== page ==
• Audience Contributions
      • Brian Wee - One way for RDA to differentiate from ESIP, focus more on interdisciplinary efforts.  ESIP has been domain agnostic in terms fo participants (but applications focused on Earth Sciences).  RDA could work with domain scientists more.  Put together groups of participants that span domains.  
      • Rahul Ramachandran - data issues are specific domain, data discovery access and mining cluster in EarthCube, targeted domains within Earth Science with high volume datasets.  Pushback from charette, geologists et al. have very different needs than high volume science.
      • Chris Lenhardt - All domains say that there problems are unique... but often when looking at the problem in more detail, they have similar problems
      • Mark Parsons - medical science doesn't care about polar projections, RDA can help bridge across domains, help get away from "not invented here" syndrome for domains.
      • Sayeed - Low-level engineering (e.g., identifiers) are shared amongst domains.
      • Fran - Potential for RDA is to create things and try them, will not produce "esperanto" solutions, but avoid approaches where "everyone rolls there own" solution.  RDA can help communities determine the interoperability plugs that other communities can use.
      • ??? - What are the commonalities and differences between Earth Science and Computer Science work..
      • Beth - Low-hanging fruit from engineering perspective (identifiers).  Minimal metadata sets are more challenging.
      • ??? - Is there a common level of metadata that can really work?
      • Beth - everyone can implement Dublin Core, but everyone has different opinions.
      • Mark Parsons - Point isn't to find least common denominator, but rather finding plugs / gateways for interconnection metadata systems.
      • David ??? - Why strong limitation to things that can be accomplished by volunteers?  Charter for working groups cannot require "extra resources".  Effectiveness of IETF was partially due to NSF NET contributions / resources.  Why deliberately limit RDA to things that can be achieved by volunteers?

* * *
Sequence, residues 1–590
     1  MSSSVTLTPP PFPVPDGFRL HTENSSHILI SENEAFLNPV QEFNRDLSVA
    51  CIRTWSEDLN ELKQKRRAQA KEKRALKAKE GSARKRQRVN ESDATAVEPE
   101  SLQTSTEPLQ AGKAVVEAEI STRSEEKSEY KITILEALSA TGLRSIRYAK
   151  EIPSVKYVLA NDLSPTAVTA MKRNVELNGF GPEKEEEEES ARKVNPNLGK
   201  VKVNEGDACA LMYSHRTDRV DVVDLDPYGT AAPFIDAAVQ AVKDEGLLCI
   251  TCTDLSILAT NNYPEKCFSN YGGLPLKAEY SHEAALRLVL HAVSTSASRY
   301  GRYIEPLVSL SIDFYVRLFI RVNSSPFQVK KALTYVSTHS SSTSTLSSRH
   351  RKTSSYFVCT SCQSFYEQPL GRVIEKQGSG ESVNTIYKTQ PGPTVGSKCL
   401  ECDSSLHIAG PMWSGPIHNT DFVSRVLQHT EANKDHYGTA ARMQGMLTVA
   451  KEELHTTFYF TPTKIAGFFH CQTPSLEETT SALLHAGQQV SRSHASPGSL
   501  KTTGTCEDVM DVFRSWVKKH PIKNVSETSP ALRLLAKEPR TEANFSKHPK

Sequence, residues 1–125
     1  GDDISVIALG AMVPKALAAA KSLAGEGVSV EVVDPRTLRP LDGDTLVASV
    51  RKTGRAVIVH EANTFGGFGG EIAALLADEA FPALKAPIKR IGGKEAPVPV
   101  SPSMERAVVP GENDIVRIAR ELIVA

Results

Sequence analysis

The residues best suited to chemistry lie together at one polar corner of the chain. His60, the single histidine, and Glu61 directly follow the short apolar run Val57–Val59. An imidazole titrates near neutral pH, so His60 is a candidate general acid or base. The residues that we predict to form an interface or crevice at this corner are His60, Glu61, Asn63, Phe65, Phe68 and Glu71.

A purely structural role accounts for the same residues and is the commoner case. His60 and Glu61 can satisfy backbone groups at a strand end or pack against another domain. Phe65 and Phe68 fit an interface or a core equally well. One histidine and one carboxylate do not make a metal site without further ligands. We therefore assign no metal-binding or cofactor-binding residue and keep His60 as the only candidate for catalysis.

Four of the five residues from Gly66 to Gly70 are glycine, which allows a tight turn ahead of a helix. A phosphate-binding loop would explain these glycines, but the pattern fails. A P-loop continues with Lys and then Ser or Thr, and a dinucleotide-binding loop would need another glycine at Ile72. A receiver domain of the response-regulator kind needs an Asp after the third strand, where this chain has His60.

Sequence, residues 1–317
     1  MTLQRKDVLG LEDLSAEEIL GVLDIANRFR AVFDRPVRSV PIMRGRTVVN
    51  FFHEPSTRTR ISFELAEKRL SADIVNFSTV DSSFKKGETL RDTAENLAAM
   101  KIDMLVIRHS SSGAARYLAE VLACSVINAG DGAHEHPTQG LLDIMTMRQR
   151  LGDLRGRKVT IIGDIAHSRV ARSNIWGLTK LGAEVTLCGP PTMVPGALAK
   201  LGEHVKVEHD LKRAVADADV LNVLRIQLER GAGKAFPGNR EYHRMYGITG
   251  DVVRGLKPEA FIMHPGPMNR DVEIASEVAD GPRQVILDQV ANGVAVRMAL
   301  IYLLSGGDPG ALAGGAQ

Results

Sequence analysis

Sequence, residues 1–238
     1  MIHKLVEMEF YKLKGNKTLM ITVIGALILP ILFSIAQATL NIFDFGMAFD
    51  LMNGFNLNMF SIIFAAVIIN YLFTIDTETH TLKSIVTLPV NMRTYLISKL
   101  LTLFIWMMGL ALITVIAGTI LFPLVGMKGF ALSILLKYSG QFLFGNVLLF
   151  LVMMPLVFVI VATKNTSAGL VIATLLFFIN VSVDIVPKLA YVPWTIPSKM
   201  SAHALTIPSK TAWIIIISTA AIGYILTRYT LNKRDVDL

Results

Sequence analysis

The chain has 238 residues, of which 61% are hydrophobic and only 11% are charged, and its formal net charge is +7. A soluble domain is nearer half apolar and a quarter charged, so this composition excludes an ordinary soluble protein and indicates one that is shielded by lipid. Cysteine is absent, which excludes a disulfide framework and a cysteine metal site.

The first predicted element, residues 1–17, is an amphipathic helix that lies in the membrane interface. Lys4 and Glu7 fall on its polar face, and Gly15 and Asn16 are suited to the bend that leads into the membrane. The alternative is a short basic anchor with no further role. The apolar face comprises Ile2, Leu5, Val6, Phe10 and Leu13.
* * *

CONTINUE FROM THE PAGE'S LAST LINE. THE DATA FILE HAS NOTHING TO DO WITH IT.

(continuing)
• Fran - Peoples time for RDA does not have to be disjoint from there regular day-jobs.  Why RDA doesn't pay b/c it is community driven, and does not have a sustainable business model (though it aims to get one).  Many projects get to a point that you can't do something on your own.  RDA is there to connect people who need to accomplish things to make progress.  Many working groups will emerge from things people are doing in there companies, research labs, etc.  Proximity of community organization with funding agencies will be a good thing for contributors (bring activities to the attention to the funding agencies).  How to publicize results of working groups, which in term benefits RDA, working groups, and volunteers? 
      • Sayeed - As working groups complete work, funding agencies will deploy or spread results (result of working group could be a proposal).
      • Sarah Graves - RDA's technology focus is its advantage.
      • Fran - Get solutions that are good, not necessarily perfect.
      • ??? - Institutions are faced with the task of building data management policies.  If everyone shares, this task becomes less daunting.  In the future it will be easier to implement data management policies of a specific type
      • ??? - Everyone wants to define a set of standards.  Focus on the adapters instead of the standards.  Identify specific obstacles to answering cross-disciplinary questions.  Look to see what the adapter is that needs to be written to connect to two disciplines.
      • Fran (response) - Working group needs both those creating the adapter and the users who will eventually plug them in.  Lots of room for new working groups, in a few years there will be a whole new set of problems people are looking into (as old problems are solved and new ones discovered).
      • Sayeed - RDA is what we make of it.  Some communities have places where they get together and discuss interoperability issues (e.g., ESIP for Earth Science).  RDA could be a place where representatives from each interoperability community come to discuss broader issues.
      • Chris - Need to continue to involve domain scientists, if its just hte technologists, that's a problem.
      • Rahul R. - Anyone can submit RDA working groups.  Might be a good idea for ESIP working groups / clusters to submit proposals to RDA for broader participation.



Any interested ESIP working groups / clusters / BoFs / committees look into submitting working group proposals to RDA.

Plale, B.; Research Data Alliance: international sharing and exchange of research data; Winter Meeting 2013. ESIP Commons , November 2012